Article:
The lack of clinicians and biomedical experts within the ARPANSA expert panel for their health risk assessment, along with their seriously questionable conclusions appear to have mislead the Australian medical system. While scientists other than medical scientists are able to read scientific studies and learn that RF-EMR exposure can alter the transcription of certain genes, alter levels of certain neurotransmitters, hormones, enzymes, cytokines, antioxidants etc, how do they interpret the significance of these biological effects in a health context without biomedical training and experience providing an in-depth knowledge of biology: including biochemistry, physiology, and clinical medicine? A health risk assessment of this nature requires input from a large panel of multidisciplinary experts – predominantly with strong biomedical backgrounds. Similar to the Australian situation, the health risk evaluation of RF-EMR in New Zealand has been undertaken without medical expertise. A publication that questioned this risky approach by one of the authors (SP) was unilaterally retracted by the journal based on an anonymous complaint despite three thousand downloads in three months. Furthermore, the same author was denied an author response to a rebuttal of a publication in the New Zealand Medical Journal. What is becoming apparent is there is a gagging of those who are trying to refute claims of safety by highlighting poor risk management, conflicts of interest, and inadequate expertise by government scientists.
MISLEADING OF PRIMARY CARE PHYSICIANS BY ARPANSA – Dr. Karipidis was advising Australian clinicians in an article titled “What do GPs need to know about the new 5G network?” ARPANSA has claimed “Dr Ken Karipidis, Assistant Director of the Australian Radiation Protection and Nuclear Safety Agency’s (ARPANSA) Assessment and Advice Section, wants GPs and their patients to know there is no evidence to support the concern that 5G technology, which uses radio waves and emits low-level radiofrequency (RF) electromagnetic energy (EME), will cause harms to the public.” Dr. Karipidis stated in that report: “There’s been a lot of research into whether radio waves cause adverse health effects, and the only established health effects of radio waves are very high power levels, where they raise temperature.” This article further claimed: “While the increased presence of 5G base stations is often perceived negatively, Dr Karipidis has found this to be more of a psychological issue than a cause of genuine harm.” While our previous papers[21-23] alone provide ample scientific evidence for low-intensity non-thermal biological effects such as oxidative stress, refuting the obsolete notion that RF EMR causes thermal effects only (“raise temperature”), it is necessary that ARPANSA be asked by the medical community in Australia to provide details of their research that found “a psychological issue than a cause of genuine harm”.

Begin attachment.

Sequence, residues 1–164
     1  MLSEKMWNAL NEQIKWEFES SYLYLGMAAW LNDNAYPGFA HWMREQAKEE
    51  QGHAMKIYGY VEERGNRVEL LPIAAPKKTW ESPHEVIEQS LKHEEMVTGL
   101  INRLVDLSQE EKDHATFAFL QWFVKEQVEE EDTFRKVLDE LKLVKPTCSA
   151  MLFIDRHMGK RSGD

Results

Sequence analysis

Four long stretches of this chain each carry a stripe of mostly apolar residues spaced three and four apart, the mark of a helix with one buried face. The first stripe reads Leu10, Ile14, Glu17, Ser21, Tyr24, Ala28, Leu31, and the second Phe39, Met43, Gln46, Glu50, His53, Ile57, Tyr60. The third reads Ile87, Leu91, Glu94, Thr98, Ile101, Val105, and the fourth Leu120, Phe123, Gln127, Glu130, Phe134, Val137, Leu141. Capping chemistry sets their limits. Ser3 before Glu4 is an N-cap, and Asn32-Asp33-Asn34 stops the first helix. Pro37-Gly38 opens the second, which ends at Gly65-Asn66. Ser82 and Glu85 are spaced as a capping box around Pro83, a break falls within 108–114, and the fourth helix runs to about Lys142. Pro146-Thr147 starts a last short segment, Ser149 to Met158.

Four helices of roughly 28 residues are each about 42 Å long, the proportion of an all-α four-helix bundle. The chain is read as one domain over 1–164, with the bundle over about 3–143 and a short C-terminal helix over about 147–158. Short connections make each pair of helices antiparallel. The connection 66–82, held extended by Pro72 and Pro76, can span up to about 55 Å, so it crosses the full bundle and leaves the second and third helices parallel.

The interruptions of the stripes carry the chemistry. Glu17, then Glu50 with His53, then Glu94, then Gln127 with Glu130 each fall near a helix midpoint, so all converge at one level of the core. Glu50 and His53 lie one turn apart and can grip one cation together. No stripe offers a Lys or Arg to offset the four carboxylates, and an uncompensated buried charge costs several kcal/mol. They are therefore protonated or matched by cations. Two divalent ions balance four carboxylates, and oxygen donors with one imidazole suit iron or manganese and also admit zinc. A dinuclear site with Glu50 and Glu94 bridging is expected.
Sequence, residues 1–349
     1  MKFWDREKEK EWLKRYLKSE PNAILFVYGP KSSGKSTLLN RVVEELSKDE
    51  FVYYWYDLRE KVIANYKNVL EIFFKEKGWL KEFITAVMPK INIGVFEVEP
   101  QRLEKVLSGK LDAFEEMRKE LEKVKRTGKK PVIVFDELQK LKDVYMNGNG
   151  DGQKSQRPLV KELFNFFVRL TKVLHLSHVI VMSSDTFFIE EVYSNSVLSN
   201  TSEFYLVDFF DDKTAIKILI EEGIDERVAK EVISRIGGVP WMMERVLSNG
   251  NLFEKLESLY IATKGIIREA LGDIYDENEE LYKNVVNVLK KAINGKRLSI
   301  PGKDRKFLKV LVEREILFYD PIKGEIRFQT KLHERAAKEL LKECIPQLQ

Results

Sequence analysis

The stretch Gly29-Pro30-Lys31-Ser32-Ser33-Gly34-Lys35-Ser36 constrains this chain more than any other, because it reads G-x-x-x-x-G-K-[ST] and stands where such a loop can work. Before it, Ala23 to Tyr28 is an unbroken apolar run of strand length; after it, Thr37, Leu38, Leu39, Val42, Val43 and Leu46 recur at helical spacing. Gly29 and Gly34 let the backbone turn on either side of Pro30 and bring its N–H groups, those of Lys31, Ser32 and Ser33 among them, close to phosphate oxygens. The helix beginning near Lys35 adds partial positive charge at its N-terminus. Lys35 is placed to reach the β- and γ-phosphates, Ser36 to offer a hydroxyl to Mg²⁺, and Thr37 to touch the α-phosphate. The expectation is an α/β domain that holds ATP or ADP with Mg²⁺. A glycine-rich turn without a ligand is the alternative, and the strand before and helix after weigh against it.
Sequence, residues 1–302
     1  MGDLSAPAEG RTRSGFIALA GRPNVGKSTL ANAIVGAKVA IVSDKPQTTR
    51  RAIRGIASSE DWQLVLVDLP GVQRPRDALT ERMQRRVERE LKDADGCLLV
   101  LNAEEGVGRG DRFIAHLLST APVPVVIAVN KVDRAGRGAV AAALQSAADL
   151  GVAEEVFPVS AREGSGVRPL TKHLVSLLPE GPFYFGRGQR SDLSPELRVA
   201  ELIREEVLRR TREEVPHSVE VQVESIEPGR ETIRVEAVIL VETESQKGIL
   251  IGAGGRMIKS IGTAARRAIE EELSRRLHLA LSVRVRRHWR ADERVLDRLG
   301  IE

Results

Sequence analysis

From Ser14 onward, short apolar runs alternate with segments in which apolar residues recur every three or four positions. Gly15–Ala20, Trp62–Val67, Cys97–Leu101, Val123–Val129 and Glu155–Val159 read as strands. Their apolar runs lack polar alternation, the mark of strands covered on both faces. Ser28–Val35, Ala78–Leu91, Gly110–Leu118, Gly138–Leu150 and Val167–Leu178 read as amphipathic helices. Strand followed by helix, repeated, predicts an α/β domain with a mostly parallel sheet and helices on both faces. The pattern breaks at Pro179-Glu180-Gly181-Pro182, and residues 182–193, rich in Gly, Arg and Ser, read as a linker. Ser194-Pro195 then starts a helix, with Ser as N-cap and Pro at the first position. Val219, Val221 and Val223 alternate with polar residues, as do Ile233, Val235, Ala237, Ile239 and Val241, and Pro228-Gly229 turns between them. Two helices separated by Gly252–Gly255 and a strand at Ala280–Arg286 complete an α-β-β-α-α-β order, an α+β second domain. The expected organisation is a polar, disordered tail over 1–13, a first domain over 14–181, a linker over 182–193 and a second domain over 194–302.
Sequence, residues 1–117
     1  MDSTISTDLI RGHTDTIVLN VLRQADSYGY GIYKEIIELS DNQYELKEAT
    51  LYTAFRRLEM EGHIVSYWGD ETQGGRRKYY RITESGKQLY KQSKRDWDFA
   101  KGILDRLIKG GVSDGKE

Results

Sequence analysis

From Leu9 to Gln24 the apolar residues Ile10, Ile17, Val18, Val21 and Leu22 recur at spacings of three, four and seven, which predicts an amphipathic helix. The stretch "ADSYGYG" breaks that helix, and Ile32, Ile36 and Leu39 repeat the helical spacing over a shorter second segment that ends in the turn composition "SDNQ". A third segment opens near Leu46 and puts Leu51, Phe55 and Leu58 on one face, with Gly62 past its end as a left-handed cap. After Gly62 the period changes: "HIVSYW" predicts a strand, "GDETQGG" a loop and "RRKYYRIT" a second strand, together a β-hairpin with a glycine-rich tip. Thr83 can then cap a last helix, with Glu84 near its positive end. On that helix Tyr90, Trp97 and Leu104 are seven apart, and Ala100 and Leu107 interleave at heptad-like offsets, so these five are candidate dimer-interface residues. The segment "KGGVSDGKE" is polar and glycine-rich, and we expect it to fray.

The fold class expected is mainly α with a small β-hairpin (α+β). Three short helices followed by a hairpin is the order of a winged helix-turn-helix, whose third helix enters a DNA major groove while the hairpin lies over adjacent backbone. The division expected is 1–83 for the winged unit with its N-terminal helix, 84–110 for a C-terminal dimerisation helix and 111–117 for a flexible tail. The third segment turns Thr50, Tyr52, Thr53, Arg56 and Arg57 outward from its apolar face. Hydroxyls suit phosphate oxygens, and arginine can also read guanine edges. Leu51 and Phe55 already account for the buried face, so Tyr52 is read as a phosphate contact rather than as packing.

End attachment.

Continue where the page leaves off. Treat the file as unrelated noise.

We understand that extensive research needs to be conducted to rule out biochemical, and physiological causes before suspecting a psychological origin underlying a health complaint. To our understanding, such research has not been done by ARPANSA or any other body in Australia or New Zealand. In several media reports on Australians complaining of adverse health effects which they attributed to exposure to wireless radiation, Prof. Croft has promoted the nocebo theory discouraging medical investigations into RF-EMR.
For instance, a report titled “Woman claims severe health problems are caused by wi-fi but international studies find no link” about a female who had to abandon her home due to debilitating neurological symptoms which she attributed to a new NBN WiFi tower erected near her home, claimed: “Professor Rodney Croft, director of the Australian Centre for Electromagnetic Bioeffects Research, said the symptoms experienced by sufferers of EHS were recognised as genuine, but the cause was something other than exposure to wi-fi.”